When we see that our child is overwhelmed to the point of not maintaining their toys and such, it becomes necessary to perhaps trim down the quantity to a level where they can properly take care of these things with diligence and care, so that they may have more as they grow in responsibility.

I too must trim down my things at times less they too become overwhelming to me, causing unnecessary strife…perhaps leading me to “solutions” not conducive to my sobriety. Back in balance with Good Orderly Direction, can I now move on like the child and achieve more.

Like a parent, God gives me all…including myself, to take care of and maintain, just as we do with our own children. Today, I will take care of my blessings from God, so that I can live and enjoy a happy, joyous, and free life in sobriety.

Steve Hughes

Steve, a His Way graduate, passed away on June 8th, 2013, at the age of 55. This article was taken from one of his writings while he was at His Way in 2011. 

A Father’s Affirmation

My 87 year old father had just put out an email request to the family.  He recently had to change his vehicle license plate and received a new number, AOF 0073.  In my father’s always creative way, he wanted the letters “AOF” to mean something.  He had decided that the “OF” would best represent him by standing for “Old Fogey”, but he wasn’t sure about the “A”.  He requested that the family submit suggestions for the “A” for a vote.

A number of email exchanges followed suggesting such thoughts as “Active, Alert, Abominable, Aberrant, Absent-minded, Alive, Almost, Animated, Aviator (my father was a WWII pilot), or Awesome.”  A late suggestion came in, “Accellerando”.  It was admitted that it probably wasn’t a word, but sure captured the spirit of my father’s driving habits.

I watched everyone jumping into the discussion, but I had not ventured in.  After a few days and no thought on my part given to it, I felt as though my family and particularly my father deserved my investment in this discussion.  So I cracked open a dictionary to the “A’s” and began jotting down ideas.  I then put out an email mentioning a number of suggestions.  Some were obvious like American and Authentic.  Others emphasized certain aspects of my father’s personality or experience, such as, Artistic (since he still is a very active and passionate musician) and Ambulatory (since he has been and still is a very accomplished and active walker).  But the one I finally settled on as my personal submission was “Aspiring” because of its double meaning.  On one hand it captures his very active and youthful spirit by not committing him to total “Old Fogey” status yet. He’s an “aspiring” Old Fogey. On the other hand, this description emphasizes his most admirable trait – his zeal to keep aspiring to new challenges even at 87.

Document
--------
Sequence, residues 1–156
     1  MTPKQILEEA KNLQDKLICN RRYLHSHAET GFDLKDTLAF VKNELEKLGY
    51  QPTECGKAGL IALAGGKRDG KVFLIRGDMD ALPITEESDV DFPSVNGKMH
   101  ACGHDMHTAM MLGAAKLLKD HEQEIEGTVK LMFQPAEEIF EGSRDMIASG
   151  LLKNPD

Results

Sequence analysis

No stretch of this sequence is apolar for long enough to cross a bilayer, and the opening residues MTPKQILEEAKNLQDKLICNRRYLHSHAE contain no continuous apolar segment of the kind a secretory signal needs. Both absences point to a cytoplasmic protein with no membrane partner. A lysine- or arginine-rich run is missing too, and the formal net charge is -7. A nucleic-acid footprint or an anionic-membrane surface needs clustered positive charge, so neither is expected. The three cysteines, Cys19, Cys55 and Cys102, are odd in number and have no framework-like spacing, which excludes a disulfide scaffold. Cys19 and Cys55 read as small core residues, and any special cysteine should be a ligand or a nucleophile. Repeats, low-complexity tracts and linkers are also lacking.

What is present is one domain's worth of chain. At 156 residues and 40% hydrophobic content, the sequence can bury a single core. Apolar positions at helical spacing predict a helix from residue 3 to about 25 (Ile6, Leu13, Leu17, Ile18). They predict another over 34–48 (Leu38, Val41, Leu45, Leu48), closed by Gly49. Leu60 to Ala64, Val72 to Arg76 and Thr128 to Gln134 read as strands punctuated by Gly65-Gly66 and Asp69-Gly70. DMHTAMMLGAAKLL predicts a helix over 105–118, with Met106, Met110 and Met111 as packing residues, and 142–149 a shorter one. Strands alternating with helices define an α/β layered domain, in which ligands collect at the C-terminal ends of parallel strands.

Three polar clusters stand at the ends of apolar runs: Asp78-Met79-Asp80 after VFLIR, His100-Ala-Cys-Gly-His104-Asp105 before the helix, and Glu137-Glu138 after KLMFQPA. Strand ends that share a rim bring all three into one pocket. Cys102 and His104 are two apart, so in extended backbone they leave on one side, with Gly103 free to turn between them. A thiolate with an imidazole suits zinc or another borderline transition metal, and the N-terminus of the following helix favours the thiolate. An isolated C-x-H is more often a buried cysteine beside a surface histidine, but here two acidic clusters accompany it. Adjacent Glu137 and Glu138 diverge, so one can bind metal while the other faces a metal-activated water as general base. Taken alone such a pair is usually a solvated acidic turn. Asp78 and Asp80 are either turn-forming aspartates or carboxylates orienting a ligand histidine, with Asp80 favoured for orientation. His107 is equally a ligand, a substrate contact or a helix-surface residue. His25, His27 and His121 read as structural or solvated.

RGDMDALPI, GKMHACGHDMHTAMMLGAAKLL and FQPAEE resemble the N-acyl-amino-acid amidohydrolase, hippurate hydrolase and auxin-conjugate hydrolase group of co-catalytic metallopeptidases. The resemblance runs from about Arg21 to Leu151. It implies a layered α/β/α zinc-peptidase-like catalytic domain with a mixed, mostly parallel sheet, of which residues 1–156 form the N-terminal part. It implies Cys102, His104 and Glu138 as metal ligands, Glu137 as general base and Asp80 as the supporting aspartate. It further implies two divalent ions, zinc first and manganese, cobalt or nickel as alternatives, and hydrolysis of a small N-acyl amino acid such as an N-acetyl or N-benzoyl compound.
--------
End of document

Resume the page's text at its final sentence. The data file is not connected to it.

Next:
Later that evening, my father broadcasted throughout our family email network that he had selected my submission of “Aspiring” as the winner.  As silly as this whole process seemed, and as insignificant as the meaning of letters on a license plate are, I felt an overwhelming sense of pride over this selection.  It wasn’t the license plate or the family debate or my winning nomination that mattered. I realized that what welled up inside was the significance of my father’s approval even at 55 years old.

I realized that like most of us, we never outgrow a desire to be the apple of our father’s eye, the exhilaration of having our Dad’s approval.

It brought me back to a passage in Matthew when after Jesus’ baptism by John in the River Jordan, the clouds parted and the Spirit like a dove lighted upon Jesus and a voice from heaven spoke saying, “This is my beloved Son, with whom I am well pleased.”  Even Jesus needed his father’s approval.

The great news is this – even if your father is never able to express his approval, you can have a Father in heaven that is ready and willing to say of you, “This is my beloved child, with whom I am well pleased.”  This is the most significant of all approvals.  One that can well up a confidence and joy within you that will carry you into eternity.  We all need our Father’s affirmation.

Tom Reynolds